Tailored financial literacy education: An Indigenous perspective
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Governments around the world agree that financial literacy education (FLE) is of the utmost importance, with the current economic times having led to a 'teachable moment' for financial education. However, caution should be taken when viewing education as the sole solution to the world's economic problems as there is little evidence to support a causal link between FLE and financial behaviour/decision making. Furthermore, others conclude that FLE is not a single, value-neutral curriculum, and thus current approaches must recognise gender and cultural differences. This article examines the usefulness of mainstream FLE programmes adapted to suit Indigenous communities in terms of the delivery model, the content and the logistics of the programmes. This is achieved by examining the outcomes of four FLE programmes run in Indigenous communities and explores the need for diverse approaches to be applied to FLE in this context. We find that contextualised FLE based on an experiential group-learning model provides self-reported benefits to the participants. We also report on a range of practical issues that arise in Indigenous FLE. Finally, we recommend the exploration of sustainable FLE based on these principles.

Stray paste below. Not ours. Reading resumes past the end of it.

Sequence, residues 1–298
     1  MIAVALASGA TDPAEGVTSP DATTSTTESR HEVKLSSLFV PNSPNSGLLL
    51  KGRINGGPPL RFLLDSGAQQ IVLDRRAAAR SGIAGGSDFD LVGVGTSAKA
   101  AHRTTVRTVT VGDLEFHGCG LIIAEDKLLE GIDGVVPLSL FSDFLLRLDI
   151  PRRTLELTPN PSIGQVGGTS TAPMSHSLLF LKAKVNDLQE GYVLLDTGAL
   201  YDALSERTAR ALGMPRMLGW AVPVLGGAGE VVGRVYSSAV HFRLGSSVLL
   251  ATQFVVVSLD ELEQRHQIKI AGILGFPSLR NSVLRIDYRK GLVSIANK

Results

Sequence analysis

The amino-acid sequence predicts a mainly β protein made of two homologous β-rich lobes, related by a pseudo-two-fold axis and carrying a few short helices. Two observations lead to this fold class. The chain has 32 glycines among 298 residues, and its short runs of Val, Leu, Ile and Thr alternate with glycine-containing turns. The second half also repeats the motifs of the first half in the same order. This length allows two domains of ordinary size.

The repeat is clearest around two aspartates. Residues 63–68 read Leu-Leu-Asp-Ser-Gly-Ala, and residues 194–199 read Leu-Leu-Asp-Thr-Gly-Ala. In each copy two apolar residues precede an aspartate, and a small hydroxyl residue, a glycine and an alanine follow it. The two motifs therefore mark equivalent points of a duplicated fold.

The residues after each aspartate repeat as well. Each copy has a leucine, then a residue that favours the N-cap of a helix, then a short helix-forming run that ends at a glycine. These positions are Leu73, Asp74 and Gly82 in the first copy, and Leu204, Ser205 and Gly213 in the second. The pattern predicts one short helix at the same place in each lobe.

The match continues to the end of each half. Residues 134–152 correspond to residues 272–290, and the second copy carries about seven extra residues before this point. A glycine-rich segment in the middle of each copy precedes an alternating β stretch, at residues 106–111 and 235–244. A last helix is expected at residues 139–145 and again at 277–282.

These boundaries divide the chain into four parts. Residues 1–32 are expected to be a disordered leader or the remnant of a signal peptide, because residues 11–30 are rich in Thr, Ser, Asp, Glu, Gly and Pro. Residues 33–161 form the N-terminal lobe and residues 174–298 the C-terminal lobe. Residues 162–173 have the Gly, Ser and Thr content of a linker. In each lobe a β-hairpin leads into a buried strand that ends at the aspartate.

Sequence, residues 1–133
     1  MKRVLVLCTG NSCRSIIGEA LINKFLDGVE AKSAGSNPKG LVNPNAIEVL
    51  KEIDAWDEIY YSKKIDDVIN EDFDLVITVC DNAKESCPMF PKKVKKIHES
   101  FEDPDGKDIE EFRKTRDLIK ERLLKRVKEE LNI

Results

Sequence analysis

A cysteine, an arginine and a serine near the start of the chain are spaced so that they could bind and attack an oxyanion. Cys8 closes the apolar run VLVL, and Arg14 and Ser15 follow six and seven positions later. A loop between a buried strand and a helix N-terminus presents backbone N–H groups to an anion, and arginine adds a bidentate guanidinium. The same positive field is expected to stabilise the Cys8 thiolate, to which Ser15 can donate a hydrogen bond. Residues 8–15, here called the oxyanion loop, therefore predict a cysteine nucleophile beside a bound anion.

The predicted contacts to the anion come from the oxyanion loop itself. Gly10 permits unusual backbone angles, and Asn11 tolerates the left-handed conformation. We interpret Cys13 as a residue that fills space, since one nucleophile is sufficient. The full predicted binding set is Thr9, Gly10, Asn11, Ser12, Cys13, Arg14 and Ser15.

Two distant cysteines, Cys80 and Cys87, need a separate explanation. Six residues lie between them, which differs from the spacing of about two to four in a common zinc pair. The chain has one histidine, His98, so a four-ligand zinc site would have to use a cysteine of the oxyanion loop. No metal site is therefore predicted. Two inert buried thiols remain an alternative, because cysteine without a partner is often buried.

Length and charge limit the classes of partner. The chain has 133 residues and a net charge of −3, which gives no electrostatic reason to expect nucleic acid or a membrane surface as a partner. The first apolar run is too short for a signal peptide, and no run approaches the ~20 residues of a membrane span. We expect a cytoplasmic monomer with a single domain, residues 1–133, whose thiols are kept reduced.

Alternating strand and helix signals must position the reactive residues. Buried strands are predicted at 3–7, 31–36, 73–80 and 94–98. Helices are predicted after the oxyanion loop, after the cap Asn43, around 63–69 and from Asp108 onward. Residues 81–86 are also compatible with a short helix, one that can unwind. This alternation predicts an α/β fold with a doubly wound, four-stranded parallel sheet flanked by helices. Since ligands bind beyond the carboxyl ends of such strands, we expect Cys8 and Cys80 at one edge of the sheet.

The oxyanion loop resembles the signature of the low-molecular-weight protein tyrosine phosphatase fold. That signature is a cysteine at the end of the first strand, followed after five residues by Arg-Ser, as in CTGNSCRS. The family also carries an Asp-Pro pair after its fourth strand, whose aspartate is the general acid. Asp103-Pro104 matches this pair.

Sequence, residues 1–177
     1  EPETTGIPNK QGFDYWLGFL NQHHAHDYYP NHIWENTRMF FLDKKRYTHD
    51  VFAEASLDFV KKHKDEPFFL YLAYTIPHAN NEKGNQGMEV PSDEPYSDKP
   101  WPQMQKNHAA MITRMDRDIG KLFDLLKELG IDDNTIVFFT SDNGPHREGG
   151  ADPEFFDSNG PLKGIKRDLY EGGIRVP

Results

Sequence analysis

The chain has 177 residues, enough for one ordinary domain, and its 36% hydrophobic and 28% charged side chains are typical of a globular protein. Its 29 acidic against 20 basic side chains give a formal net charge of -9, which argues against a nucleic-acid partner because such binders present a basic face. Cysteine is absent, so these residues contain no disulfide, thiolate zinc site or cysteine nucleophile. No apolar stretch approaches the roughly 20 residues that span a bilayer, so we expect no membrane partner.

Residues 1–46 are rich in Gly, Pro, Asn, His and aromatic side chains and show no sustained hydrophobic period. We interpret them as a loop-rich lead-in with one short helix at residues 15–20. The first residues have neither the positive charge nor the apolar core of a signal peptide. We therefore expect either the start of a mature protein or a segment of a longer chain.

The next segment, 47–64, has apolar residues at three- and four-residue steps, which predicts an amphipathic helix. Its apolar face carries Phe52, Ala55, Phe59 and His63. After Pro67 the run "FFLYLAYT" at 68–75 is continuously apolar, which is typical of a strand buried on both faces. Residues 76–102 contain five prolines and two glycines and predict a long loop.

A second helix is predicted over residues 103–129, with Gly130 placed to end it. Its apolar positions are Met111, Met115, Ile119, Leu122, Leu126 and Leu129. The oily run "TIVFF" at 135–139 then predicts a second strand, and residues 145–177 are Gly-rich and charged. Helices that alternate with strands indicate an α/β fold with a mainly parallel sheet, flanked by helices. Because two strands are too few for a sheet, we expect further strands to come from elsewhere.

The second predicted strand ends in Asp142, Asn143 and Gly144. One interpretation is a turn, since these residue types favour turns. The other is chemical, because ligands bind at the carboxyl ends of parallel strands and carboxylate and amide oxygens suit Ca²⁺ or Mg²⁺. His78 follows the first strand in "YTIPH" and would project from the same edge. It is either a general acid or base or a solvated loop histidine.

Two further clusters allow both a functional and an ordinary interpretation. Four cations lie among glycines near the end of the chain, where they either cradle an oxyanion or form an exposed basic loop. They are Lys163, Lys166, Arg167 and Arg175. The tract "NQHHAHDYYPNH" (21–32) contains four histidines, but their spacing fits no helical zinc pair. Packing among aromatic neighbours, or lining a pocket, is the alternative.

Journal of Financial Services Marketing
© 2013 Palgrave Macmillan. This is a post-peer-review, pre-copyedit version of an article published in Journal of Financial Services Marketing. The definitive publisher-authenticated version Journal of Financial Services Marketing, 18, 207-219 (September 2013) is available online at: http://dx.doi.org/10.1057/fsm.2013.16
Aboriginal and Torres Strait Islander Education
Banking, Finance and Investment not elsewhere classified